Congregations of Tear Drinking Bees at Human Eyes: Foraging Strategies for an Invaluable Resource by Lisotrigona in Thailand (Apidae, Meliponini)

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Hans Bänziger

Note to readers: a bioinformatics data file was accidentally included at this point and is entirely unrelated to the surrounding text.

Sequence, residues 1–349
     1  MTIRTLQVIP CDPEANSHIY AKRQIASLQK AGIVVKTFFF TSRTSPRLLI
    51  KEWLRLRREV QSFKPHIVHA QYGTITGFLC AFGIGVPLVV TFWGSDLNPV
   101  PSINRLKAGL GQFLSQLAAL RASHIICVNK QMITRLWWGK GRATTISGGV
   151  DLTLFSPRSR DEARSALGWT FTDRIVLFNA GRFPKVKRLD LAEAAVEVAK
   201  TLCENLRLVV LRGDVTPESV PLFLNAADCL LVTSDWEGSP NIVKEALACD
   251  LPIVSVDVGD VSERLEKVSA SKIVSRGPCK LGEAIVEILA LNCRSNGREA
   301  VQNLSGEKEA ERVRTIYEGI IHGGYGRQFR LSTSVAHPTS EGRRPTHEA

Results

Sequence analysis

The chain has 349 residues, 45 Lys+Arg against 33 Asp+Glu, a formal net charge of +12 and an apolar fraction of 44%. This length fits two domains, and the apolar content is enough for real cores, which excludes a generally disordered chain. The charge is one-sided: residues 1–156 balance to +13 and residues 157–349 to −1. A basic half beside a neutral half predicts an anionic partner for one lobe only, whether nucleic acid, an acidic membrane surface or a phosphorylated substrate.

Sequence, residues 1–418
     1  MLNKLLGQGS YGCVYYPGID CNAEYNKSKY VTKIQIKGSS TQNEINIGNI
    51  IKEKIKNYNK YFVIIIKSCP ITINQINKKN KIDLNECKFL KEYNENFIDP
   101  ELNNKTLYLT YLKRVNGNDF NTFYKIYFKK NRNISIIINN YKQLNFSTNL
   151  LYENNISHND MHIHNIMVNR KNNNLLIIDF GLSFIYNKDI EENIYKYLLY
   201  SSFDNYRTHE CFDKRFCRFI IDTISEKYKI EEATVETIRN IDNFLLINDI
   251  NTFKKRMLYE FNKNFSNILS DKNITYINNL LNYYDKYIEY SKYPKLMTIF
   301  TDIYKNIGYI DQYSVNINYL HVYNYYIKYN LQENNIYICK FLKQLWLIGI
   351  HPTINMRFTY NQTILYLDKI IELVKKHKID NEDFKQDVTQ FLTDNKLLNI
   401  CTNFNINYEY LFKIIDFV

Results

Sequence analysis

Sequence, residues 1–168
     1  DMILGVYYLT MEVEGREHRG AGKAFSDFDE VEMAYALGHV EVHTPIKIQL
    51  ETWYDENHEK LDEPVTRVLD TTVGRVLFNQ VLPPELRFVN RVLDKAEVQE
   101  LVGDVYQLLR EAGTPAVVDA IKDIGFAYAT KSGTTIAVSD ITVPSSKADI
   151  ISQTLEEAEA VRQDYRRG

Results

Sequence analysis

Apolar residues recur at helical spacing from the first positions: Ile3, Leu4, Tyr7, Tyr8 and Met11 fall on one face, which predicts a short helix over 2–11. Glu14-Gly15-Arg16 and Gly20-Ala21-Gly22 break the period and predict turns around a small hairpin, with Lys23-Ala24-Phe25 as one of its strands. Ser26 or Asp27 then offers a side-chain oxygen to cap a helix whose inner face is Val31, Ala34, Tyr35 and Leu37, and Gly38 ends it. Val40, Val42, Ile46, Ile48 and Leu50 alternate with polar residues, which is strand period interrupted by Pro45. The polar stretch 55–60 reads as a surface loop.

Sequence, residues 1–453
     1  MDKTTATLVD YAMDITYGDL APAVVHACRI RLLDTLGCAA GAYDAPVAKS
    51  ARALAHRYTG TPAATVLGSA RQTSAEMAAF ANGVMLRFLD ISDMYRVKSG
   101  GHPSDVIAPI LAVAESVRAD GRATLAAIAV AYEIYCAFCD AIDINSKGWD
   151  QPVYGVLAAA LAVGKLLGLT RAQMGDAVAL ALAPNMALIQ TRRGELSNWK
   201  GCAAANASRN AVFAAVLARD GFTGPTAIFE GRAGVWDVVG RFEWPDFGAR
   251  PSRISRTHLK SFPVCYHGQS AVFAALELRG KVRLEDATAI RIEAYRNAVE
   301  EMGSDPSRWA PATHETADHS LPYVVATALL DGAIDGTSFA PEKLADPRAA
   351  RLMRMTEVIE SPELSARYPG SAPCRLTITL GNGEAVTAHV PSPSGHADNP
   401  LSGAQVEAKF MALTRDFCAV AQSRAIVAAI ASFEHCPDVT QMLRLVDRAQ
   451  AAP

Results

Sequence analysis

Wild Lisotrigona cacciae (Nurse) and L. furva Engel were studied in their natural forest habitat at three sites in northern Thailand, May 2013–November 2014. The author, both experimenter and tear source, marked the minute bees while they drank from his eyes viewed in a mirror. All marked workers, 34 L. cacciae and 23 L. furva, came repeatedly to engorge, 34 and 27 times on average, respectively. The maximum number of times the same L. cacciae and L. furva came was 78 and 144 visits in one day, respectively; the maximum over two days was 145 visits by one L. cacciae; the maximum number of visiting days by the same bee was four over seven days by one L. furva which made 65 visits totally. The same forager may collect tears for more than 10 h in a day, on average for 3 h 15 min and 2 h 14 min for L. cacciae and L. furva, respectively. Engorging from the inner eye corner averaged 3.1 and 2.2 min, respectively, but only 1.3 and 0.9 min when settled on the lower eye lid/ciliae. The interval between consecutive visits averaged 3.3 min and 3.8 min, respectively. Lachryphagy occurred during all months of the year, with 91–320 foragers a day during the hot season and 6–280 foragers during the rainy season; tear collecting resumed after a downpour. During the cold season eye visitation was reduced to 3–64 foragers, but none left her nest when the temperature was below 22°C. Flying ranges were greater than in comparable non-lachryphagous meliponines. It is proposed that Lisotrigona colonies have workers that are, besides nectar and pollen foragers, specialized tear collectors. Tears are 200 times richer in proteins than sweat, a secretion well-known to be imbibed by many meliponines. Digestion of proteins dissolved in tears is not hampered by an exine wall as in pollen, and they have bactericidal properties. These data corroborate the inference that Lisotrigona, which also visit other mammals, birds and reptiles, harvest lachrymation mainly for its content of proteins rather than only for salt and water.

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